September 28, 2021
July 28, 2021
A look back at the best 90s board games. Find gems from the era, old favorites and more than a few surprises.
These classic board games include everything from crazy themes, inventive gameplay, kooky gimmicks to intense strategy. Many of them have been updated and reissued, some remain game night staples, while others inspire the latest and greatest board games we play today. Basically, the 90s were a good time for rolling dice.
Designed by a former dental technician in Germany, Catan or ‘Settlers’ was a revelation for board games. The game consists of collecting resources, trading goods and building settlements and roads across the fictional island on the gameboard. Players can trade goods, wrestle for territory and roll the dice to gather resources and build a civilization from the ground up. Catan was unlike any other tabletop board game when it was released in the mid 90s – and since then, it has become a true classic.
As of 2020, Catan has sold more than 32 million units in 30 different languages, making it one of the best selling board games of all time.
Pizza Party is your typical memory game with a tasty twist. Parker Brothers originally released Pizza Party in the late 80s, although the game was more popular among 90s kids, and marketed toward the younger players of the generation.
Up to four people can play this simple memory game where the players flip over ingredient discs in an attempt to fill up all the topping slots. Think classic pizza fixings like pepperoni, mushrooms, green peppers, and onions. Win or lose, Pizza Party gave you a strong hankering for a pizza post-game.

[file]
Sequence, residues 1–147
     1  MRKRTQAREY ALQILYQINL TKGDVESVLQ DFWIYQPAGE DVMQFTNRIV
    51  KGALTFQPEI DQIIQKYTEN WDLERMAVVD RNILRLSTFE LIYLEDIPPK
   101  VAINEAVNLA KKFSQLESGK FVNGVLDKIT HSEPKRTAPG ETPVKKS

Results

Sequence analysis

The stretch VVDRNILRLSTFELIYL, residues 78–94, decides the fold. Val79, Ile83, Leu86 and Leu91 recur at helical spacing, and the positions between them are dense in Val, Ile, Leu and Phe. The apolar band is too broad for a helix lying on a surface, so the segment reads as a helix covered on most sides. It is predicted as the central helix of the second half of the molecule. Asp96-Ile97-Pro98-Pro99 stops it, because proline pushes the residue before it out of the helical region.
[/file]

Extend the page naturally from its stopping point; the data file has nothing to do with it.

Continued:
This is one of those board games from the 90s that a lot of kids didn’t really know the rules to, but remained fascinated by.
Zandar is kind of like a talking Magic 8 Ball. Players draw a question card and guess whether Zandar will answer positively or negatively. If the fortune-seeking players guessed Zandar’s prediction correctly, they could take a gem of their color. The weirdest thing about this game (aside from the talking wizard) is the question cards. Some of the darker questions include, “Will aliens kidnap me and make me their queen?”, “Will I invent chocolate flavored liver?” and “Do I have an evil twin?” among plenty of light-hearted questions like “Will I get an A+ on my next test?” and “Will I get a new pet?”
The prize for winning the game is to have a special fortune read by Zandar.
Cranium is the all-in-one trivia game that blends art with common knowledge, offering up one of the best board games for players looking for a little light-hearted fun. Cranium combines other throwback games like Trivial Pursuit, Pictionary, Rapidough, Scrabble-style puzzles, and Charades.
On your turn, you could be guessing anything – from which object your teammate is sculpting out of clay, to decrypting a scrambled word or trying to guess which song your teammate is whistling. Remaining extremely popular, it has helped win the developer over 130 awards.
Mall Madness absolutely radiates 90s culture. This original shopping-themed board game by Milton Bradley was released in 1988, but the game spiked in popularity in the early 90s after the electronic talking version came out in 1989. The goal of the game is to collect all of the items on your shopping list from 22 stores, including I.M. Coughin Drug Store, Sunglass Boutique, Aunt Chovie’s Pizza, 2 Left Feet Shoes, and then make it back to the car.